If you are a Linux user, you may already know that, in a KDE environment, you are allowed some personalization. For example, if you go to Desktop Effects, and then Advanced, you’ll find an option named ‘Composition Type’ where you can choose between OpenGL or XRender. In this article, we’re going to explore the differences between the two to answer the question with which we titled our content: is XRender better on Linux?
What are XRender and OpenGL?
OpenGL and XRender are both drawing APIs that allow applications to visualize shapes and color and even certain geometrical transformations. The main difference between the two is that XRender is an extension to the X11 core protocol designed to fix some limitations that were addressed in the core X system. In particular, the core system does not draw transparency effects efficiently.
Transparency is hard to achieve on a screen because screens are made of pixels and each pixel can show only one color at a time. The only way to produce the transparency effect on a screen is by mixing the colors of the transparent object with the background color (which is what is called alpha composting).
With the standard protocol, obtaining transparency is inefficient and can cause many problems; this is why XRender has been implemented. That said, is XRender better on Linux when compared to OpenGL?
XRender or OpenGL?
There is not a straightforward answer to the question “is XRender better on Linux?” because a lot depends on the use you make of your system. If you are a programmer, for example, OpenGL is considered more flexible. However, if you are a common user, Xrender is considered easier to set up. XRender also has another important advantage: it can support systems that don’t have proper OpenGL support.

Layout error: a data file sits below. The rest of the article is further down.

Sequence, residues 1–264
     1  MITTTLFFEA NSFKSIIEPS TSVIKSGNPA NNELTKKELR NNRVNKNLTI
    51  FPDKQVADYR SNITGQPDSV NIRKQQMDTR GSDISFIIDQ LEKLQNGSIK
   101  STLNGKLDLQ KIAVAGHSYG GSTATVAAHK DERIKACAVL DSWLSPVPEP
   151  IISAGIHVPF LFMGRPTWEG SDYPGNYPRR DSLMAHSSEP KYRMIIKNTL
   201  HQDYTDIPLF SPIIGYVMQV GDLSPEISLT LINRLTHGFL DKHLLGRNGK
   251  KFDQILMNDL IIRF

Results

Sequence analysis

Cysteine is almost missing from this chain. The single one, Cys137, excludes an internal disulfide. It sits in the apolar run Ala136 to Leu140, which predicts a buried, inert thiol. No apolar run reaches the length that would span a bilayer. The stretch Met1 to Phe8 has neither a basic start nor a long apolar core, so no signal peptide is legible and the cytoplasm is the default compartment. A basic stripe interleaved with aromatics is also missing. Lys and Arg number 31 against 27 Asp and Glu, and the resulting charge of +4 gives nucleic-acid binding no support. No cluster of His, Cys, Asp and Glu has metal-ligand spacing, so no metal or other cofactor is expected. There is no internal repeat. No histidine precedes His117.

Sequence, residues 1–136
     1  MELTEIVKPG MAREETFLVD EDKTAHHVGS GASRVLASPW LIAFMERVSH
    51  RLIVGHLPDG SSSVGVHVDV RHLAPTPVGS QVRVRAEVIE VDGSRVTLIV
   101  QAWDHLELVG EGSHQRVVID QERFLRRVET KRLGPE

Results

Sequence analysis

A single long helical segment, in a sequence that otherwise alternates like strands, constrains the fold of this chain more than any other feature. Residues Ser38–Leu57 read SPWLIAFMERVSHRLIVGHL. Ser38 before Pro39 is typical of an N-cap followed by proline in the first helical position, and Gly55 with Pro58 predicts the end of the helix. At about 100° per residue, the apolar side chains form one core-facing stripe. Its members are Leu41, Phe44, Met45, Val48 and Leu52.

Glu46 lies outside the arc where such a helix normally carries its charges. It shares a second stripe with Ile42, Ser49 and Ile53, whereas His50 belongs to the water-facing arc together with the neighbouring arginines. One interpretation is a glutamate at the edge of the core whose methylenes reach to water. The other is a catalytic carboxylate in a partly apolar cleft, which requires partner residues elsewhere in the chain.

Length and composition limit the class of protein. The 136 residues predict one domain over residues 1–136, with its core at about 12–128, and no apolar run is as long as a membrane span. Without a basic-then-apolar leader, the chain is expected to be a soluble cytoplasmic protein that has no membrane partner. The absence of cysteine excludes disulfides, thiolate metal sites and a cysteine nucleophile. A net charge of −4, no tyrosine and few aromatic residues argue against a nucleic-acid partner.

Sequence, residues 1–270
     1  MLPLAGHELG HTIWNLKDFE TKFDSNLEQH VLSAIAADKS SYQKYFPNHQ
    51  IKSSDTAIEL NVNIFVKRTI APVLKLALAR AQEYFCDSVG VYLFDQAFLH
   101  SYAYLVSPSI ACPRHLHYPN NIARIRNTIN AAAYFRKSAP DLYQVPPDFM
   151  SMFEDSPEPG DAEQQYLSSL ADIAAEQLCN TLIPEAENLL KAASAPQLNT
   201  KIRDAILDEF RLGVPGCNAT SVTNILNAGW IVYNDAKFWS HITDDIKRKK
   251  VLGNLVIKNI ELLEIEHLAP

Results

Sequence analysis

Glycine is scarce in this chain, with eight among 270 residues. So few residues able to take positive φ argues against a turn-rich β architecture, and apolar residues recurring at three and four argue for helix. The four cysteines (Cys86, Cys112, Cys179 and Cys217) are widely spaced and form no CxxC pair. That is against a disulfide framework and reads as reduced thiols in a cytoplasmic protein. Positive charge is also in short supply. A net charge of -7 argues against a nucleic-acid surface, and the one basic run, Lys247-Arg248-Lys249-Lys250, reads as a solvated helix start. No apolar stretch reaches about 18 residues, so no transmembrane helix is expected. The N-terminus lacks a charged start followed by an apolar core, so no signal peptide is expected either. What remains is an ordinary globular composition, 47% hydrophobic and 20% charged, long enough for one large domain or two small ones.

If you are using old, obsolete, or unpopular hardware, that is, with Linux installed, you already know that the only issue you can encounter more often than what you’d like is a lack of stable drivers. Drivers are software that you need to make all your hardware components work with the system you have installed. There are a lot of important drivers, but the most important is certainly the graphics ones: if you can’t find them, you can’t use your hardware. This is where OpenGL becomes too limiting and Xrender becomes better. Many systems that lack OpenGl support are acceptable for XRender operations: simply switching to XRender in your Display Effects setup on Linux could save your day.
Conclusion: is XRender better on Linux?
It is better on Linux in some cases: for example, if your system doesn’t work just fine with OpenGL, there is a high chance that it’ll be supported by XRender. However, if you already feel comfortable with OpenGL, you won’t find enhanced performance if you switch to XRender. XRender is an alternative available to fix many issues, but it wouldn’t be correct to consider it a boost to your system’s performance.